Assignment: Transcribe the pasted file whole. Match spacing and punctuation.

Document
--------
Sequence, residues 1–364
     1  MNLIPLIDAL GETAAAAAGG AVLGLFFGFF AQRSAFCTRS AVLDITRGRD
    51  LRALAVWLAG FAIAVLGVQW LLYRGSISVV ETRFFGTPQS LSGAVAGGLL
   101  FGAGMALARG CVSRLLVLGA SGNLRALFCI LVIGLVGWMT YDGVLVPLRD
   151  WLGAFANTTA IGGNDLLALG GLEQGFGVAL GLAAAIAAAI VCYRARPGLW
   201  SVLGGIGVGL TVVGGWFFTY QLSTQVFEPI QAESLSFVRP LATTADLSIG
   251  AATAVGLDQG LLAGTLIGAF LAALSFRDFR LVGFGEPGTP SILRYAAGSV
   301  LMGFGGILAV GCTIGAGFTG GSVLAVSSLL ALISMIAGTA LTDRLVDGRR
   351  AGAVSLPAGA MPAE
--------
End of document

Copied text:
Sequence, residues 1–364
     1  MNLIPLIDAL GETAAAAAGG AVLGLFFGFF AQRSAFCTRS AVLDITRGRD
    51  LRALAVWLAG FAIAVLGVQW LLYRGSISVV ETRFFGTPQS LSGAVAGGLL
   101  FGAGMALARG CVSRLLVLGA SGNLRALFCI LVIGLVGWMT YDGVLVPLRD
   151  WLGAFANTTA IGGNDLLALG GLEQGFGVAL GLAAAIAAAI VCYRARPGLW
   201  SVLGGIGVGL TVVGGWFFTY QLSTQVFEPI QAESLSFVRP LATTADLSIG
   251  AATAVGLDQG LLAGTLIGAF LAALSFRDFR LVGFGEPGTP SILRYAAGSV
   301  LMGFGGILAV GCTIGAGFTG GSVLAVSSLL ALISMIAGTA LTDRLVDGRR
   351  AGAVSLPAGA MPAE